27. Mark,

    I have high arches and bunions. I have been told that the bunions were caused by over pronating and that I needed orthotics to correct the dysfunction and associated knee pain. Going barefoot is suppose to be really bad for the bunions. Any suggestions on how to handle these foot problems even though I am 61 years old?

    1. This is anecdotal, but I’ve read stories on the barefoot boards about people’s bunions shrinking/going away after dedicated barefoot walking/running!

  28. I have high arches (they do not touch the ground when I walk) and have been given inserts and/or shoes with arch support. Any opinion on what kind of shoe I should where, be it minimalist or the five fingers?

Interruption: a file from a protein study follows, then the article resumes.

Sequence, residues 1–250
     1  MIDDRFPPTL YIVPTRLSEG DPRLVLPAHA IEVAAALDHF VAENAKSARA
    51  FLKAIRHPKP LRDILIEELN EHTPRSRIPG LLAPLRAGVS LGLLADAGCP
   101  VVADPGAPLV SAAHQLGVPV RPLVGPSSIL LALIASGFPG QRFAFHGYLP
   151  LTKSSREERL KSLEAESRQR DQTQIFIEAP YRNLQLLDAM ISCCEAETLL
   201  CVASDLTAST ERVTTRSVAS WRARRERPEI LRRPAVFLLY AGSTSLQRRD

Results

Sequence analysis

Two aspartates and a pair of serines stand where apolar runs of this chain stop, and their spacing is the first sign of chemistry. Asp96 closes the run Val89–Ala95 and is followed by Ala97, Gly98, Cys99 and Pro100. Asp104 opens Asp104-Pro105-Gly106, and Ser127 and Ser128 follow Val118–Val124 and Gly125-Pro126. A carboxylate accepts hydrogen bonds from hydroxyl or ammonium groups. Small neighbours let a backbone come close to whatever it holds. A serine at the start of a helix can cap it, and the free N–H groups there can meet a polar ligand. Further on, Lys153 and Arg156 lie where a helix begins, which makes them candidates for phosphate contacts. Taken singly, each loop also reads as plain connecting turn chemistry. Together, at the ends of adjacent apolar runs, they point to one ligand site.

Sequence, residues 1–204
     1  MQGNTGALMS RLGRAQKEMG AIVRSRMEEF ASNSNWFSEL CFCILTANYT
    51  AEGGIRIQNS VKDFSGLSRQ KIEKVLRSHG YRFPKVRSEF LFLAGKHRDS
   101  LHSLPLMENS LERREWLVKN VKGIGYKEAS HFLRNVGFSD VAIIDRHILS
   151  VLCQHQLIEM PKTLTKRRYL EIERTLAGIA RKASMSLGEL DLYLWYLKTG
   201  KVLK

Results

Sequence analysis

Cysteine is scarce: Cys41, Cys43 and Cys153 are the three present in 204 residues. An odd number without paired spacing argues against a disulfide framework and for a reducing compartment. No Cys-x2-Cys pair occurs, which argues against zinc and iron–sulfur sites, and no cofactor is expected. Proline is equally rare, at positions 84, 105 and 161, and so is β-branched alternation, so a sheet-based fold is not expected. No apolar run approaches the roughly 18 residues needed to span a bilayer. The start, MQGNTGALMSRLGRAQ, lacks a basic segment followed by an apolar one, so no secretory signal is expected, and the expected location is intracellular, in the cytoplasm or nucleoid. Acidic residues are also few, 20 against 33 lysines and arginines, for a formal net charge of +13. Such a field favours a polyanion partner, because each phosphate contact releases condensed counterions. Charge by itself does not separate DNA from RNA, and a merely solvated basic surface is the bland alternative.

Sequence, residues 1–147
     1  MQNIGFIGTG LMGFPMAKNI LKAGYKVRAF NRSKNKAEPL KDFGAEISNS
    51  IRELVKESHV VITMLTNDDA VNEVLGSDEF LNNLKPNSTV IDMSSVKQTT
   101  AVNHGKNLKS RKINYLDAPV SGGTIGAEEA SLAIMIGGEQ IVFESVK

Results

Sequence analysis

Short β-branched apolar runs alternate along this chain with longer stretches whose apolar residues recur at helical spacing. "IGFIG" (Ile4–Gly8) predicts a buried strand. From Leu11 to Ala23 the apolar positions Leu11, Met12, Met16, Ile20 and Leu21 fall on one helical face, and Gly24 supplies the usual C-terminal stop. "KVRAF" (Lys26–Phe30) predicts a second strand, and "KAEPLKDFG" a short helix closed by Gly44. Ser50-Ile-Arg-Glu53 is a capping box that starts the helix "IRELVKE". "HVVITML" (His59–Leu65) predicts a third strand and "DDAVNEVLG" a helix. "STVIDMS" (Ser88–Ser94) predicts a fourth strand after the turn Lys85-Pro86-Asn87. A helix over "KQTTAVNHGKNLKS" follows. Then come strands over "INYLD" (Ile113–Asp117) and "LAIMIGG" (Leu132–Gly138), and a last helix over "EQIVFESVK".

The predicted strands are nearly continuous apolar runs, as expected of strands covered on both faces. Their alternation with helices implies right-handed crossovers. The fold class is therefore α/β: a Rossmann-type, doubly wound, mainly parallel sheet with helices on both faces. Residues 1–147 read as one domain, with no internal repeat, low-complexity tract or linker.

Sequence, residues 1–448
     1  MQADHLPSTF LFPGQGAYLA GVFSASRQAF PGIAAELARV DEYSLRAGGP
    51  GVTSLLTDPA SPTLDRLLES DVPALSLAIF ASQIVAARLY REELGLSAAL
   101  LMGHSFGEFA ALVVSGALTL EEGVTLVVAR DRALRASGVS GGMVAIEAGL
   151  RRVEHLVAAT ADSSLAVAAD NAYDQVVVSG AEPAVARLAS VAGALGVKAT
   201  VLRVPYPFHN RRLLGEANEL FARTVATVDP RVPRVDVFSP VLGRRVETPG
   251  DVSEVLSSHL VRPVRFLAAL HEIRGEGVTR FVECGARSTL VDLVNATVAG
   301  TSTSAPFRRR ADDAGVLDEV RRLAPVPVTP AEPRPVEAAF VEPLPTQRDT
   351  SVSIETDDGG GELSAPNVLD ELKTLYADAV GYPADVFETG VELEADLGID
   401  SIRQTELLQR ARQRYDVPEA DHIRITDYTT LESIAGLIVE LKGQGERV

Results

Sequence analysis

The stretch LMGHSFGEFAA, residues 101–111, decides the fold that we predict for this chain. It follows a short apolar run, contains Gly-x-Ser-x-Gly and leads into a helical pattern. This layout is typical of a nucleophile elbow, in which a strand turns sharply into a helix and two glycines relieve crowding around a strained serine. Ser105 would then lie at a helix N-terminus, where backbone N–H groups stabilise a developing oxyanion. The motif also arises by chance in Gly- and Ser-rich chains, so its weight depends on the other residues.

29. My toes look like the photos (not the good ones either). I was such a good doobie all my life that I took the expert advice on super supportive running shoes. Now am I to blame them for my bunion?

    THanks Mark. I guess going primal in as many was possible is the best course of action.

    1. All I can say is “what a bunch of BS.” I can’t say anthing more because there would be no point in arguing with anyone who actually thinks running barefoot is actually 100% better than using shows.